The SPF is a rough guide as to how long you can stay in the sun without risk of burning. If you usually begin to tan or burn after 20 minutes, an SPF means you can spend 15 times as long in the sun before you start to burn. Don’t rely on this, however; there are many variables such as skin type, how often the sunscreen is applied and the child’s activities while in the sun.
Apply sunscreen to your child (and yourself) about 30 minutes before going out into the sun. Re-apply it several times during a day in the sun, more often if your youngster is swimming a lot.
Note that if you are buying sunglasses (for your children too) you should make sure they block both UVA and UVB radiation.
Expecting a Good Break
Pregnant women are not advised to plan a long-haul flight during the first trimester, when morning sickness or nausea is likely to make flying pure misery. The final trimester is probably not a good idea, either, and in any case, most airlines bar passengers who have gone past 35 weeks of pregnancy.
But that still leaves months four, five and six of pregnancy when flying is both safe and comfortable.
Year-round, the temperature in Phuket varies between 27ºC to 36ºC. The hottest month is usually April – which you may not find too comfortable.
It is in any case a good idea to stay out of the sun while you are pregnant to avoid chloasma or “the mask of pregnancy”. This is the term for blotches of melanin, particularly on the forehead and nose, that are the result of a combination of the sun’s rays and hormonal changes due to pregnancy. It particularly affects women with pale brown skin, and takes a looooong time to fade away.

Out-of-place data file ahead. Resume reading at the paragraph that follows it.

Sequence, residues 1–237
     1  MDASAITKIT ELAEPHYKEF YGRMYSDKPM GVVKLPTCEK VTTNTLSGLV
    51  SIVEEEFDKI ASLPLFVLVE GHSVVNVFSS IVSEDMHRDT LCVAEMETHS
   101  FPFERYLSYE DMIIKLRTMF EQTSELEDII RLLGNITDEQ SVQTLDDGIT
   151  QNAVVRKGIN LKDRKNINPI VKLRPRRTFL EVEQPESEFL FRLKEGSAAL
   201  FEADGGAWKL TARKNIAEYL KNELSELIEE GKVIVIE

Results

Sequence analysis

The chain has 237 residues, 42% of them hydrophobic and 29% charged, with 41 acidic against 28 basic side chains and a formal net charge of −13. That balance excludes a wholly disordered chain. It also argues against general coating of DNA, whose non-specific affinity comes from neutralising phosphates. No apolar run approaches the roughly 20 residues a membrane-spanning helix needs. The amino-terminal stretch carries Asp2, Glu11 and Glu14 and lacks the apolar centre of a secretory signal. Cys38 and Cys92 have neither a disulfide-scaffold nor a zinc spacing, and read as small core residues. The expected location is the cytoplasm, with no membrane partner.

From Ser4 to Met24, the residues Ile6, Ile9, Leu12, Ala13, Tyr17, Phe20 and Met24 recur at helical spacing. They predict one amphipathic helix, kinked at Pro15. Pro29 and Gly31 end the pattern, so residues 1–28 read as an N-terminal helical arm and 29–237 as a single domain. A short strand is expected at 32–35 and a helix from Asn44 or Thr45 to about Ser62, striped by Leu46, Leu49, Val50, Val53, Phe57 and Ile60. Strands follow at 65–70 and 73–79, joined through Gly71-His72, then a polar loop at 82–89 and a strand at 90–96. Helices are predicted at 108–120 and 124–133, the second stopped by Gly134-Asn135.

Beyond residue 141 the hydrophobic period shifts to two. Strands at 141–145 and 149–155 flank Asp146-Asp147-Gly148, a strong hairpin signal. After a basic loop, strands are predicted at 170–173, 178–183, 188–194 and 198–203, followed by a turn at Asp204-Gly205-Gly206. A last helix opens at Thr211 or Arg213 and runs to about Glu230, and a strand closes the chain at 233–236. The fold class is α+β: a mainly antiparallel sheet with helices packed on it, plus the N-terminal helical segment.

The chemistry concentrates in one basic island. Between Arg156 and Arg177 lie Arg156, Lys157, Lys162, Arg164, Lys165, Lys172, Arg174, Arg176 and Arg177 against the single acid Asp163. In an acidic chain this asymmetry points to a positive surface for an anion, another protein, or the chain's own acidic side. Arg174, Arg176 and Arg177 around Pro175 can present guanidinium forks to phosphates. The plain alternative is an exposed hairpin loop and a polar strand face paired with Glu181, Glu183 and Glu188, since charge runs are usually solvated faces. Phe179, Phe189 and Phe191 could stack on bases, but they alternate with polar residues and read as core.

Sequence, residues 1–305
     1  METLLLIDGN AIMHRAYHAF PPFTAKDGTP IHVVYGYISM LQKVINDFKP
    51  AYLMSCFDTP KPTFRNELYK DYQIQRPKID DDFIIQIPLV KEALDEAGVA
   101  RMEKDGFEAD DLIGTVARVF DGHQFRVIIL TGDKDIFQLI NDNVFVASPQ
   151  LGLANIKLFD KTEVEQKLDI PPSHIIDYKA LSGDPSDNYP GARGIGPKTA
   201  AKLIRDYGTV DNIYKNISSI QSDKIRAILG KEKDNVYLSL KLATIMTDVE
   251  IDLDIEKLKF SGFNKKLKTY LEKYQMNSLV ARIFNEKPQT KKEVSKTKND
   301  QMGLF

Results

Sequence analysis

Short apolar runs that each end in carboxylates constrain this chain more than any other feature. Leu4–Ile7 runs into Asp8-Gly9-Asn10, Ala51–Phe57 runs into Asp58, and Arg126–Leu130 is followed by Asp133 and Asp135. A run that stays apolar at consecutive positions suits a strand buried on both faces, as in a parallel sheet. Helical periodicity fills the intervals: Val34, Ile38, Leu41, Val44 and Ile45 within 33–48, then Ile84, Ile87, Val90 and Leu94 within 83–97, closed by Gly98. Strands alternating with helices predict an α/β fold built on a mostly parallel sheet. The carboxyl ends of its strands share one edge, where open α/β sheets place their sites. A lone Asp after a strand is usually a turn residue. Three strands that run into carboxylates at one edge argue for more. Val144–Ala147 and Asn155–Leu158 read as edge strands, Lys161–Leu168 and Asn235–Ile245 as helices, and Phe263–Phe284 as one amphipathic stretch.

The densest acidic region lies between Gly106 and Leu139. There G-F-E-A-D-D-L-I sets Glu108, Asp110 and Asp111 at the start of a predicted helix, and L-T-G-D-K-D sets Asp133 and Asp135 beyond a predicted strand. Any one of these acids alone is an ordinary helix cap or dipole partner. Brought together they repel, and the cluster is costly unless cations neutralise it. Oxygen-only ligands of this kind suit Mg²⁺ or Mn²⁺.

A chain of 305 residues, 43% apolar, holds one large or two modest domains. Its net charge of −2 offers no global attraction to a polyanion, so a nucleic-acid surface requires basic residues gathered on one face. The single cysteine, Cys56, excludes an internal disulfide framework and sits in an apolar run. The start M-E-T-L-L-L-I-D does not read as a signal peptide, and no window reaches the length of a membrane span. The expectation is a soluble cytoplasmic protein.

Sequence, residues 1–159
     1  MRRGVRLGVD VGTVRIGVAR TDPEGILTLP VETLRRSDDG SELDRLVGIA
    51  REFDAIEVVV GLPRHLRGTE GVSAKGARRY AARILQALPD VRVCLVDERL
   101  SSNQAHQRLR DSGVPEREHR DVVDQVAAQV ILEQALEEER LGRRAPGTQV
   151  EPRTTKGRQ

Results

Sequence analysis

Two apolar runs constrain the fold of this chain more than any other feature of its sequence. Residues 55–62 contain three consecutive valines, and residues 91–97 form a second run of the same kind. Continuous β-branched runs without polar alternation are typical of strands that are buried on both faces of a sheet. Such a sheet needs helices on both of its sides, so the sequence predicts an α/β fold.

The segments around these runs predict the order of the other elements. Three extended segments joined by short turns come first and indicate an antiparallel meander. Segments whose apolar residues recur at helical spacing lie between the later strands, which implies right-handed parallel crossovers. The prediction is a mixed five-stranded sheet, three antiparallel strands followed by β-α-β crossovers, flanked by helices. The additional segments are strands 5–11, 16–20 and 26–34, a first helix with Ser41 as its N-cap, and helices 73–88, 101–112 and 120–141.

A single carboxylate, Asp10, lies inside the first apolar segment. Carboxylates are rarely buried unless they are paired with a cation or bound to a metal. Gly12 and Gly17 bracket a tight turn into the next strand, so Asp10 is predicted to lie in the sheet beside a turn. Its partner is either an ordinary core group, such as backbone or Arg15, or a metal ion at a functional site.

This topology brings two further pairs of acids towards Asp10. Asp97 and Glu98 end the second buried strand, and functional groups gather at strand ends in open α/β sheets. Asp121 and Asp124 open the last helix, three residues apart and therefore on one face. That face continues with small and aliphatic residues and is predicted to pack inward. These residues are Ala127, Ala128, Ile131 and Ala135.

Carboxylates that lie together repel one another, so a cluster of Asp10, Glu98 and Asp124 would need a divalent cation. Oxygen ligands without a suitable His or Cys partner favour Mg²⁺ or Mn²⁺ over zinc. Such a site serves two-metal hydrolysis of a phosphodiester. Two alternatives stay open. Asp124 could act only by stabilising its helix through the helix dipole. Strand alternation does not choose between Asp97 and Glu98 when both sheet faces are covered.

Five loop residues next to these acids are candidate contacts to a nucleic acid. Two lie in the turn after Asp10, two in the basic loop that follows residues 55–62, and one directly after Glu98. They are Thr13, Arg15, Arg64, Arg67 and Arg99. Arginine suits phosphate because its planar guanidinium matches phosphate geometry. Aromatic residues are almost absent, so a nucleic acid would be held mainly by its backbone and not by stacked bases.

So forget about going home with a fab tan this time. Slap on the sunblock and enjoy sipping fruit juice in the shade. And don’t forget to drink plenty of water, too, to avoid dehydration.
To be comfortable in a hot climate, wear natural fabrics. No, not wool or your favourite cashmere sweater. The choice really is cotton, cotton or cotton. It soaks up the perspiration and makes you feel cool. Loose-fitting tops with open necks allow good airflow. You can bring linen if you like. It’s comfortable and can look smart in the evening, but it does wrinkle very easily, especially when stuffed into a suitcase. Don’t forget that the warmer climate will make your feet swell slightly, so bring loose-fitting shoes or adjustable sandals.
Pregnant readers will be happy to know that there’s a lot of good stuff in tropical fruit. Pineapple, for example, is a good source of manganese, as well as containing significant amounts of Vitamin C and Vitamin B1. Ripe mango contains about 15% sugar, up to 1% protein, and significant amounts of Vitamins A, B and C. And of course, they’re utterly delicious.
If you forget anything for your kids, don’t panic. You can find everything you need in the local stores. Try the Central Festival mall or the Robinson department store.
When it comes to health care, Phuket has everything you’re likely to need, and to international standards. There are three local hospitals with English-speaking doctors.